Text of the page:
700 MHz, 3.6 GHz and 26 GHz are “pioneer” 5G bands in European Union

While European regulators have articulated plans to auction millimeter wave licenses, all of the current and planned network activations are based on mid-band frequencies centered in the 3.4 GHz to 3.8 GHz range. European Union officials are also working toward spectrum harmonization for 5G across the continent.
In January, the European Commission announced it will spectrum harmonization efforts focused on the 3.6 GHz band for 5G. In a statement, the EC said the harmonization process of this spectrum band will enable member states to use this spectrum for 5G by the end of 2020, adhering to rules set out in the EU’s new Electronic Communications Code, which was cleared in December 2018.
“This band has been harmonized for wireless broadband services in the European Union since 2008. However, its use has been low and only a limited number of licenses had been issued. This amendment of the decision updates the technical conditions to make them 5G-ready as the 3.6 GHz band has been identified as the primary pioneer band for 5G in the European Union,” the EC said in a statement.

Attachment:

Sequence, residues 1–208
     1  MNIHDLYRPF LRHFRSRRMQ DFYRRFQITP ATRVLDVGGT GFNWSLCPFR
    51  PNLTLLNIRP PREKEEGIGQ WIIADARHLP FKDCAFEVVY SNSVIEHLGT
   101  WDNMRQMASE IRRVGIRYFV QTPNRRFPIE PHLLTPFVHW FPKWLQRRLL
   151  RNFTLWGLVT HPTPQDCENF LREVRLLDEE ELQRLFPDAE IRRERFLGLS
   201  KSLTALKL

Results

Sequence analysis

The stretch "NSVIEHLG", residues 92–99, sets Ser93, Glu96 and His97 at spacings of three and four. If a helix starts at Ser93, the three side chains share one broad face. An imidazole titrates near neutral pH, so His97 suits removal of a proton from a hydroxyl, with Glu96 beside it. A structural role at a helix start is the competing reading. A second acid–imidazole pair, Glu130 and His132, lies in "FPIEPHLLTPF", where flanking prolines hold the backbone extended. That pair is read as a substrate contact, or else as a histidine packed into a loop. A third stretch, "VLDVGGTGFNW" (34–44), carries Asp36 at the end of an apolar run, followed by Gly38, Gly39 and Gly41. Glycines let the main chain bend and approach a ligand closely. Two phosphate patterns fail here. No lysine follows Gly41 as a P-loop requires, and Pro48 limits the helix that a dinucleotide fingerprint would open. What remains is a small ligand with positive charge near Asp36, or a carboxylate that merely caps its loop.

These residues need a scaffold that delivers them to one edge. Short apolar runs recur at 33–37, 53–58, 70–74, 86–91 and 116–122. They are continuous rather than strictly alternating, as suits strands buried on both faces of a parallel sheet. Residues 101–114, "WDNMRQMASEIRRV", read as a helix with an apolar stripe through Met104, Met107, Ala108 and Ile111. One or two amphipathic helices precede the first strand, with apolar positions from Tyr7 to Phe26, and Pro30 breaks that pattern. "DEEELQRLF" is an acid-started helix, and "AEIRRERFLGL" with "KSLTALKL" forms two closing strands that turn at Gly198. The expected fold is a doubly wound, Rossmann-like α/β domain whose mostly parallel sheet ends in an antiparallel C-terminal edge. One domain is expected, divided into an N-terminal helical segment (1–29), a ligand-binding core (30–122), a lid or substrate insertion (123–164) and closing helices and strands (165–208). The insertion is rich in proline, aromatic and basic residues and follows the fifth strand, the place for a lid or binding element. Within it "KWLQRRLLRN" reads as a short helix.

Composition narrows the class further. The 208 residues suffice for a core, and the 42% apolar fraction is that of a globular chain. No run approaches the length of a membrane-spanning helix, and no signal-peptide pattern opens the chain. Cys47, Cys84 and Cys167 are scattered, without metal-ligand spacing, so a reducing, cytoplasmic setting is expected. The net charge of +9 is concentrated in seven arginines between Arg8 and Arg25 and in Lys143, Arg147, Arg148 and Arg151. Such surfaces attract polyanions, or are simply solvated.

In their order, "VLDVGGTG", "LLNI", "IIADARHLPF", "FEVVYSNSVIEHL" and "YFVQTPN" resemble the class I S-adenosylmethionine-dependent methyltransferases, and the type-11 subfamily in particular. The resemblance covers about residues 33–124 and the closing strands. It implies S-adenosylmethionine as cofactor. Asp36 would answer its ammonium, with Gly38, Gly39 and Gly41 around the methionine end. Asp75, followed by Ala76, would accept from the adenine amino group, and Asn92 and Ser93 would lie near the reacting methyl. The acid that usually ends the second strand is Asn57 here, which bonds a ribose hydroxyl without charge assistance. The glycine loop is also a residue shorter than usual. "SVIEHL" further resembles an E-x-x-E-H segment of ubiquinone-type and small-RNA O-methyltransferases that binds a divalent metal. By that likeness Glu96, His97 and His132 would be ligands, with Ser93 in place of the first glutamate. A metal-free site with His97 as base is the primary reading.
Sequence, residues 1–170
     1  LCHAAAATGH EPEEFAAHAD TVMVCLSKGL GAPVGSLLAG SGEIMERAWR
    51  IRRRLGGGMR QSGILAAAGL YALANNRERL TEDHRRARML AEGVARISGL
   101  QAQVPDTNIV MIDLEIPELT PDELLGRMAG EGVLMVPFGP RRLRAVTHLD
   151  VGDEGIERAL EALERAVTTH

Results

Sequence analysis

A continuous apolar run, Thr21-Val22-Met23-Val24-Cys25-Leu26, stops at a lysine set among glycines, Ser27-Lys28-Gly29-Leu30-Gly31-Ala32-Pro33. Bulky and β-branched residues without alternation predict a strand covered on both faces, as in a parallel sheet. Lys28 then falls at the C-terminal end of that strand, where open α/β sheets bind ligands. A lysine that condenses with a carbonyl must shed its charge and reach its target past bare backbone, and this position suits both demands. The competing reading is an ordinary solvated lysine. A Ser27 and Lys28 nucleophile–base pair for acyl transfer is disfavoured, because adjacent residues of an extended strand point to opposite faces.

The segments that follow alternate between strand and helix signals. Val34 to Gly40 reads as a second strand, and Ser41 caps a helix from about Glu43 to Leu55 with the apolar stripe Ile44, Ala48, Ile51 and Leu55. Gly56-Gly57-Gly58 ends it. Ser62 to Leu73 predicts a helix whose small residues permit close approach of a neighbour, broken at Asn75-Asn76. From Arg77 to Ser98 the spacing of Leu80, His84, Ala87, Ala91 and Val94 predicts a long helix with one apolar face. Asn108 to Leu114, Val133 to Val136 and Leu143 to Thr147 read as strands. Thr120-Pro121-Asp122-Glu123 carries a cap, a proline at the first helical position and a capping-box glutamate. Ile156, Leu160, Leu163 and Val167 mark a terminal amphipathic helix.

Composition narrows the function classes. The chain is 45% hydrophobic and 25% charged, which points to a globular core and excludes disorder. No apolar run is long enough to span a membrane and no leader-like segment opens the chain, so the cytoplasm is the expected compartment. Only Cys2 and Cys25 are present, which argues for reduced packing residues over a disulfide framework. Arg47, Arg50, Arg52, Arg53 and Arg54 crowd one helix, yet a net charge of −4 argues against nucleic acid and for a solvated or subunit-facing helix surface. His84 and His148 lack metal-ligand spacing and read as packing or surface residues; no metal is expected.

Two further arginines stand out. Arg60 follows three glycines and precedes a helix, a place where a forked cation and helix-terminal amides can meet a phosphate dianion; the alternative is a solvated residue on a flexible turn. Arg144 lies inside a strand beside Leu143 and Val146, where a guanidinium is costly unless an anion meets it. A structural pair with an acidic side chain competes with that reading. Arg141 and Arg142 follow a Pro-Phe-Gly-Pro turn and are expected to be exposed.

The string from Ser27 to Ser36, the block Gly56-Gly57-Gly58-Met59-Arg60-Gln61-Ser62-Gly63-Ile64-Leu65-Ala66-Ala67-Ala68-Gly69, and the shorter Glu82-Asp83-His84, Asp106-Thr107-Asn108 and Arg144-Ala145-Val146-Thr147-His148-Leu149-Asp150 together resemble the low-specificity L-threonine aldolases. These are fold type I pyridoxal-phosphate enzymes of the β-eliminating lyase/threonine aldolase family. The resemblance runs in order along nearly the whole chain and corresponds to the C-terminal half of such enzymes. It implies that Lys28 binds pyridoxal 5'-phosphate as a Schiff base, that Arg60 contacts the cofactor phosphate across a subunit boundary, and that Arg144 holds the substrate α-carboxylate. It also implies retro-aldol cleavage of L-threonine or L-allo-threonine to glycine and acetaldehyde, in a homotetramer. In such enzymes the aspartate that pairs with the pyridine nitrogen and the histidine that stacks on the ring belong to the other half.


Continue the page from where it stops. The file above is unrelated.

More recently, in May, the EC has adopted a decision to harmonize the radio spectrum in the 26 GHz band across the European Union for the future use with 5G technology. The decision finalizes the EU-wide coordination of all three pioneer bands (700 MHz, 3.6 GHz and 26 GHz) needed for 5G rollout in the member states.
Following this implementing decision, member states can set common technical conditions and subsequently allow the use of the 26 GHz band for 5G systems by December 31, 2020, in line with the European Electronic Communications Code. The harmonization of the 26 GHz band across Europe must be completed in all member states by the end of March 2020, while effective use of at least 1 GHz of this band will follow by the end of 2020.
This focus on 5G spectrum harmonization is a good thing, Lindsay Notwell, Cradlepoint’s senior vice president charged with 5G strategy and global carrier operations, said, particularly given the wide mix of licensed, unlicensed and shared spectrum that will ultimately carry 5G traffic. “We need to be thinking about…the practical realities of band combinations and permutations,” he said. “We’re soon to get into six and seven [channel]carrier aggregation in LTE, let alone 5G/4G carrier aggregation. The number of combinations are just insane. If you want to be thorough in your testing, that quickly becomes unrealistic in terms of time and money.”

The European 5G Observatory, in a report published in June, tallied eight operators offering commercial 5G services in parts of seven countries:

  • Elisa in Finland and Estonia using 3.6 GHz
  • T-Mobile in Austria using 3.6 GHz. 
  • Sunrise and Swisscom in Switzerland both with holdings in the 700 MHz, 1.4 GHz and 3.5 GHz.
  • EE in the United Kingdom using the 3.4 GHz band
  • Vodafone in Spain using 3.7 GHz. 
  • Vodafone and Telecom Italia in Italy in 3.7 GHz. 


The post What’s the outlook for 5G spectrum harmonization in Europe? appeared first on RCR Wireless News.


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